RE: [xsl] length limitations on string input to xsl:analyze-string

Subject: RE: [xsl] length limitations on string input to xsl:analyze-string
From: "Michael Kay" <mike@xxxxxxxxxxxx>
Date: Mon, 27 Feb 2006 13:44:51 -0000
> I am having difficulty using xsl:analyze-string with some 
> lengthy input
> (800+ chars).  Is this a known limitation of analyze-string?

If it were a limit, it would be a limit in the implementation, not in the
spec; so you need to say which product you are using. But the error message
quoted gives a clue that it is Saxon. I'm not aware of any hard limits in
the Saxon implementation, though of course performance will depend on the
length of the string and the complexity of the regex. Any limits that there
are, of course, will be in the Java regex implementation, not in Saxon
itself. These may vary from one Java VM to another.

> I saw
> recently that the regular expression itself is limited to about 30
> characters, 

It may be good practice to try to keep your regular expressions to this size
(I often find it useful to apply several simple regular expressions rather
than one complex one, if only because a long regex quickly becomes
unreadable and undebuggable), but there's no such limit enforced by the

> The error message, occurring on the for-each in the following 
> code,  is:
> "SXLM0001: Too many nested apply-templates calls. The stylesheet is
> probably looping.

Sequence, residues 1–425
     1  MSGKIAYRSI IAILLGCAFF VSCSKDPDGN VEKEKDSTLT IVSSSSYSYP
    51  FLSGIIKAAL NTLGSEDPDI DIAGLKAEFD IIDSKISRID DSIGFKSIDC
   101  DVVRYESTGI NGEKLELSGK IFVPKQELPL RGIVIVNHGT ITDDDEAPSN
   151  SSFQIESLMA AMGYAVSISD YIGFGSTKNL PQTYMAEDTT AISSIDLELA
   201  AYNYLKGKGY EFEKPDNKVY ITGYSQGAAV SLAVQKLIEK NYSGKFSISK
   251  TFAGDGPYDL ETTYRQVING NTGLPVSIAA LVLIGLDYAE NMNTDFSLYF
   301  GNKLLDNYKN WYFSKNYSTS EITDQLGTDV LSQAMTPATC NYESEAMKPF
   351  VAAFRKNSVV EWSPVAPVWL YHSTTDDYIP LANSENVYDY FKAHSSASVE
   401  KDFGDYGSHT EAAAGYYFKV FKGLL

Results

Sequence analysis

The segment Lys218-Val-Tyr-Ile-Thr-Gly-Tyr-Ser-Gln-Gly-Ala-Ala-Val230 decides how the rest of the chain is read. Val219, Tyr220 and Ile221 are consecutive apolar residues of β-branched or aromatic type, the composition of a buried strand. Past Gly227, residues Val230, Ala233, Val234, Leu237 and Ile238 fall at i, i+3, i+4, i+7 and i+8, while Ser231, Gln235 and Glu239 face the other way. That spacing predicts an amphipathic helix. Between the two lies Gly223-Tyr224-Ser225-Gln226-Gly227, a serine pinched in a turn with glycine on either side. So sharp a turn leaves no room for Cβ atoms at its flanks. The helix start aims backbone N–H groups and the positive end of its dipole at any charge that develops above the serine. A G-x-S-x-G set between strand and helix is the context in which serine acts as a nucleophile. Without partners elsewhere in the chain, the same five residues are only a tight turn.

> Transformation failed: Run-time errors were reported"

This error message occurs when apply-templates hits a stack overflow. It's
trying to be helpful by guessing the cause, but it's only a guess and can be
> The xsl:

     <xsl:variable name="regular_expression" select="'([a-z][a-z0-9_]*)'"
>    <xsl:analyze-string select="$string" flags="i"
>       regex="^{$regular_expression}\s?=\s?([^;]+)\s?;\s?(.*)$">
>     <!--  ......   limit seems to be about 814 characters.  
> The input I
> need to handle is much greater -->

Try using the simplest regex that will do the job. It looks to me as if
you're expecting an input of the form

keyword = something ; something-else

So try matching it as 


Then pick out the three groups and do further analysis on them with new
regular expressions.

Alternatively, this is one that could be tackled without difficulty using
substring-before() and substring-after().

Michael Kay

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